Once the most important details have been managed, follow these steps:
1. Call the police. When you call the police, be sure you aren’t in the middle of the road. Move your car as far away from the flow of traffic as possible. If you can’t move your car or you are too injured, put on your hazards as you wait for the police. The police report is the official record of the accident, and the report is typically very detailed. Be sure to point out any facts or damage that may not have been readily apparent. Your insurance company will ask for these details too.
2. Exchange information. Don't say more than your name and your insurance information to the truck driver because anything and everything can be used against you when you try to recover damages. Make sure to get their name, contact information, insurance information, trucking company information, license plate, truck make and model, and driver's license number. Don't sign anything without an attorney reviewing the document. Though the driver may seem friendly or concerned, their career and money are at stake.
3. Photograph the scene and injuries. Personal injury attorneys appreciate when clients follow this step. Injuries may heal before the lawsuit starts or be hard to see, and the police photos might may not be the best for evidence purposes. Use your phone and take photos of anything that you think might help your case – cuts, bruises, the cars, property damage, the weather, the truck, license plates, etc. Your lawyer will tell you what is unnecessary, so go ahead and photograph as much you can.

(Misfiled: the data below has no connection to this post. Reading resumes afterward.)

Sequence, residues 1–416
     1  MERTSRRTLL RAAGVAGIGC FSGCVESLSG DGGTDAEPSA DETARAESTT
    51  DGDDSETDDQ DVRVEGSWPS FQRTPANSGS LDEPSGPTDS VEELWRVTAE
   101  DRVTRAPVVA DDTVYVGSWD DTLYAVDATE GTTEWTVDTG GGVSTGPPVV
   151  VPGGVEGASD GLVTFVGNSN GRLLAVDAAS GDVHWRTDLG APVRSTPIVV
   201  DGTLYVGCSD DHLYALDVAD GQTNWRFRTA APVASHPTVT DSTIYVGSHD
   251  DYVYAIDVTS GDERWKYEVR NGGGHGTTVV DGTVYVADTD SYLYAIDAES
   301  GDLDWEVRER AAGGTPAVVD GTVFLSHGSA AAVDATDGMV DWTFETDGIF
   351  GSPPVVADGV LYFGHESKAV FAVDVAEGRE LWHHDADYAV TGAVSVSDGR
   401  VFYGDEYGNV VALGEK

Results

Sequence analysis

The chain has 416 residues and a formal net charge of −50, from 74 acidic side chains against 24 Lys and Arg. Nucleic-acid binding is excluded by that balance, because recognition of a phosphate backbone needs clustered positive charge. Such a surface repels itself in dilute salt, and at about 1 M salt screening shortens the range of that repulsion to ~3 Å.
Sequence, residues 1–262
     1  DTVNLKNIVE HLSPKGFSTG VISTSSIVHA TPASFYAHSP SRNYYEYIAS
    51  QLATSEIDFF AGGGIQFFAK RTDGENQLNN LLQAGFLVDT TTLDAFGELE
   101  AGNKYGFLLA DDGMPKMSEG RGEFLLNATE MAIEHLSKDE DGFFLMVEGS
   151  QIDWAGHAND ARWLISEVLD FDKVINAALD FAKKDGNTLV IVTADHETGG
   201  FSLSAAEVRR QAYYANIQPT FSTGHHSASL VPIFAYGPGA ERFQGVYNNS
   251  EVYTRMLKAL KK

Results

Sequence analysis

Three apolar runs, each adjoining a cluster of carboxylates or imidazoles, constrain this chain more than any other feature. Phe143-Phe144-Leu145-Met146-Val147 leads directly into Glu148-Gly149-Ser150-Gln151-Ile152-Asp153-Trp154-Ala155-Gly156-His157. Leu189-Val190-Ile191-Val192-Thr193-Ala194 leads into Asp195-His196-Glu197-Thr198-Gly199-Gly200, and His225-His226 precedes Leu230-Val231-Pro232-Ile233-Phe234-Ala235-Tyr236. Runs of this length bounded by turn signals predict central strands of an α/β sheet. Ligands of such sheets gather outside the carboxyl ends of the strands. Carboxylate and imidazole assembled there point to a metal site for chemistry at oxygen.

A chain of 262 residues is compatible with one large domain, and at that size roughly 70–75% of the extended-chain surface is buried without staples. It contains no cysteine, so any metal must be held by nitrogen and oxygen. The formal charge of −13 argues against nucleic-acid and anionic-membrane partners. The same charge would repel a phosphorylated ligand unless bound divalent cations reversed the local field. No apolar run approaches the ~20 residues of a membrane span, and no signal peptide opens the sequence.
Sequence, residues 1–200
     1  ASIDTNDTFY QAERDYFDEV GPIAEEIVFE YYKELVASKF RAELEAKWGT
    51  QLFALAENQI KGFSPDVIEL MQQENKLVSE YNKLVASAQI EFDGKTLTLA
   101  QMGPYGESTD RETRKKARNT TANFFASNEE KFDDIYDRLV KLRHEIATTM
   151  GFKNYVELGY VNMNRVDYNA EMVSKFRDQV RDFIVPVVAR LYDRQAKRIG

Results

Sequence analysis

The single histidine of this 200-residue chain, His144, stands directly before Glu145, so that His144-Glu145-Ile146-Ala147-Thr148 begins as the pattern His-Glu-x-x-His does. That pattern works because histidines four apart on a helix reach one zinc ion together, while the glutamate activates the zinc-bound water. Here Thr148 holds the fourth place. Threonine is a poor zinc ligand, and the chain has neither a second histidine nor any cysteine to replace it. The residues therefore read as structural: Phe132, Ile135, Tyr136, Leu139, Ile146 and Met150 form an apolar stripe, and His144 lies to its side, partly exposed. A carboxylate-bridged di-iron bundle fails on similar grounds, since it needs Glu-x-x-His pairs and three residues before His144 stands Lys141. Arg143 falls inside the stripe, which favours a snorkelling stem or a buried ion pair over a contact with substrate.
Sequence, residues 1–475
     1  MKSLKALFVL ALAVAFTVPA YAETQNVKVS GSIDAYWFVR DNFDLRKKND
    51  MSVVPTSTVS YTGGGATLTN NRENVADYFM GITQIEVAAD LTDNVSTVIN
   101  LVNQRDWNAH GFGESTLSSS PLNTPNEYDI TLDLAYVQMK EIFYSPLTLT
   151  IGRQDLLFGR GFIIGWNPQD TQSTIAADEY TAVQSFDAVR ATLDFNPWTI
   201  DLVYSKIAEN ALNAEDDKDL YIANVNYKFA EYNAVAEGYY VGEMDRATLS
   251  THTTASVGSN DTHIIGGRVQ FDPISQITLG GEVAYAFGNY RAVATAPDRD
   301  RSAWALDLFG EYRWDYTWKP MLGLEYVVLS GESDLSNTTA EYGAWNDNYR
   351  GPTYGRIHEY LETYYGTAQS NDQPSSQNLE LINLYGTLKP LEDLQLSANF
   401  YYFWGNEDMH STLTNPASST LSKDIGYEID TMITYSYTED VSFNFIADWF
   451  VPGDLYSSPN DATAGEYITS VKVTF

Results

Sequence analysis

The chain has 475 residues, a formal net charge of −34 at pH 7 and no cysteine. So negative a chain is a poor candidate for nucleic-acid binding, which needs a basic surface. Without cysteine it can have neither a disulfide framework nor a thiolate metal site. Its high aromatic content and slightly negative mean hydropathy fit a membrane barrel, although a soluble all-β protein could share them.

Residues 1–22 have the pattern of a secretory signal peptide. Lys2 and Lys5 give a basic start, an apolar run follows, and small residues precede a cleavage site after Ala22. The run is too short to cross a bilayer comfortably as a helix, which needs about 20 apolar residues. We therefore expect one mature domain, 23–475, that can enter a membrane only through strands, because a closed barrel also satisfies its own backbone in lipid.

4. Write down witness information. This is a crucial step that helps preserve your potential for a lawsuit or even a settlement. Many witnesses are willing to speak with the police or accident victims, but then may move away or be unreachable for a trial or deposition. By saving a witness’ contact information, your attorney will be able to contact them when necessary.
5. Get medical attention. Obtaining medical attention is critical for a host of reasons. Though you may feel fine, injuries such as whiplash or concussions may not have symptoms initially. Let your primary care physician or an ER doctor be the one to assess if you are truly “fine”. Immediate medical attention is also important because insurance companies often use a “gap” between the accident and the doctor visit as a way to argue that the injury wasn’t caused by the accident. The sooner you can visit your doctor, the better your chances of recovering for all the injuries that you sustained.
6. Contact your insurance company. Though you shouldn’t accept any funds or restitution untilyou speak with any attorney, you should still let your insurance company know that an accident occurred. Keep all accident-related documents in one place and write down the names/titles of everyone you talk to. Consider using these free Enjuris resources to keep track of everything:
7. Speak with an attorney. Personal injury consultations are usually free, and it’s important to make use of this opportunity. Attorneys will offer advice and analysis of important factors such as your degree of fault and they can also advise you if you don't have a case. Should a lawsuit be your best option, the attorney will help you start the process. Lastly, a settlement may be your best option, but let a legal expert be the one to help you evaluate the offer.
Are you ready to take the next step in your truck accident case? Enjuris puts a directory of top personal injury attorneys in Georgia at your fingertips.